So, in all honesty, what Blizzard is doing (or intending to do) is what the majority of their subscribers want – if they are willing to admit it or not. I would bet that some who posted their disdain on the discussed heroic changes will actually come to appreciate them when they want to quickly get an alt up to the raiding requirements.

If we look ahead towards Cataclysm, which undoubtedly will bring new levels, and new challenges, we will see that more of the old places will be either removed (see the old naxxramas, which i would have loved to see before it flew off to Northrend), reworked (see Onyxia), or simply forgotten.

Does that mean the challenges which Ercles is mourning have passed ? No. They are still there. They may not be the same challenges as people remember, but they still exist. And it is up to us to find them. Each and every one of us who complains that things have gotten just that much easier. Noone forces us to take the easy path. It is still possible to gather a group of friends and hit Zul’Farrak to experience the stairs event anew. And it will be just as challenging, if you choose your friends well.

In the end, there are a few things which i consider sad.

Streamlining content will cause people with less skill run into challenges which are meant for people who know what they are doing. They will have a much steeper learning curve than would be necessary, if the current heroic instances had retained their difficulty. That is, if they had not chosen to pass them by anyhow.

Streamlining content causes people to miss out on some fantastic quest lines and story arcs, and as odd as it sounds, it makes the game just so much more difficult for the genuine new players. Not because the game itself is more difficult, but because it is even less likely to find characters which share both the level bracket and the leveling speed. Which makes people loose out on the fun the lower 70 levels can offer, if you share them with people who progress at a similar pace.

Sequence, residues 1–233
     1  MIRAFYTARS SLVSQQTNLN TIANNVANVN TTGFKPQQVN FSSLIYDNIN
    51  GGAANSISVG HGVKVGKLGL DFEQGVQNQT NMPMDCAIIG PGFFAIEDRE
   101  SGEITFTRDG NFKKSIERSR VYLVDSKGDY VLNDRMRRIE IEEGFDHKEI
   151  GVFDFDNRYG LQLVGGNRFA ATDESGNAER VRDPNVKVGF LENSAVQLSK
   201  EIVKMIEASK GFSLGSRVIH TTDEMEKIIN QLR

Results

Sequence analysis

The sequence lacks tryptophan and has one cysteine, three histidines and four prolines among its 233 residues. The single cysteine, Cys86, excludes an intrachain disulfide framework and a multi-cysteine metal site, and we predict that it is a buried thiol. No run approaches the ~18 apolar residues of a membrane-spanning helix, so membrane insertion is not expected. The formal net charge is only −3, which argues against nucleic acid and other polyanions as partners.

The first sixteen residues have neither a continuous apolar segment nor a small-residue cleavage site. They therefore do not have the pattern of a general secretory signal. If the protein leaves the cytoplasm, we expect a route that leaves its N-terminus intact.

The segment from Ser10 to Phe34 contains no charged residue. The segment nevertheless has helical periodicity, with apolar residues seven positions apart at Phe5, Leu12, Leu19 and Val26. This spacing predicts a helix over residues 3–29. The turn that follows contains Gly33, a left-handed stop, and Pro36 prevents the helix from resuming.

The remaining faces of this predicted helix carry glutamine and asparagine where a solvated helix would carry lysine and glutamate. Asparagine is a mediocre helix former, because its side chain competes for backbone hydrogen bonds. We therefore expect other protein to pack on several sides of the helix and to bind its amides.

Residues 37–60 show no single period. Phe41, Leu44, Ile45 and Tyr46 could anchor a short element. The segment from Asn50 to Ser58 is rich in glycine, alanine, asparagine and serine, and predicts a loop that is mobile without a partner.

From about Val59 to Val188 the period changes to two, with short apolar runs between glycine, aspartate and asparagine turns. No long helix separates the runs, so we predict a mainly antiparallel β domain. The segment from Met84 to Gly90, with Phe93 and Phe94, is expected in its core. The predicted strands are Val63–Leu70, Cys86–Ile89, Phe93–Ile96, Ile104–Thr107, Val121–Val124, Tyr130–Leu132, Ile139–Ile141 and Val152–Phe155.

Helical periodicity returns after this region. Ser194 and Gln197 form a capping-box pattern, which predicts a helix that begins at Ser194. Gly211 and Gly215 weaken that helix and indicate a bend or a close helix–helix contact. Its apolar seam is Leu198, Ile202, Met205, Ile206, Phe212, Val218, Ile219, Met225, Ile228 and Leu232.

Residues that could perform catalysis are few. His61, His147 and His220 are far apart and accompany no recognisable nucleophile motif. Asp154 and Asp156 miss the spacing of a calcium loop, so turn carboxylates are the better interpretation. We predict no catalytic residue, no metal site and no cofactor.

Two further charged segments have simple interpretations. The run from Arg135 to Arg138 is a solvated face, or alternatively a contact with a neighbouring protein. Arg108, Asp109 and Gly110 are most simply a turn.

So – i challenge you. All of you. I challenge you to find your own challenges in the old content. And to complete them. Alone, or preferably with friends. The challenge is not lost. You just need to remember that it is where you find it.

– oh.. and of course, i would not mind to read about it, too.

12
Jan
10

Healing is..

Tam’s recent post over at Righteous Orbs sort of made me think. Is healing easy / easier than dps ? Is it more fun, more stress, or just.. more ?

Ercles commented that for him, healing is more stressful, while dps (until you have mechanics of an encounter hard wired into your brain) is more challenging. And in a way, i am inclined to believe him. There is a certain “do not mess it up or it will all go to hell” quality about healing, and most boss fights are over once one or two healers are down, while they can still be won with one or two dps down. But perhaps that is seeing things too simple ?

Looking through the web, i came across quite a few posts which claimed this or that being easier or better. (one recent example can be found here) Finding a consensus on this seems not that easy, and as the last poster commented (oh, not this again) it seems to be a point which is difficult to agree on.

So, i actually want to stay away from trying to claim one to be harder than the other. In my eyes, it is a lot about how you like to play your game. So, for some people, it is easier to tank things, while for others it is easier to keep things alive, while the third group prefers to make things dead. Preference in the end.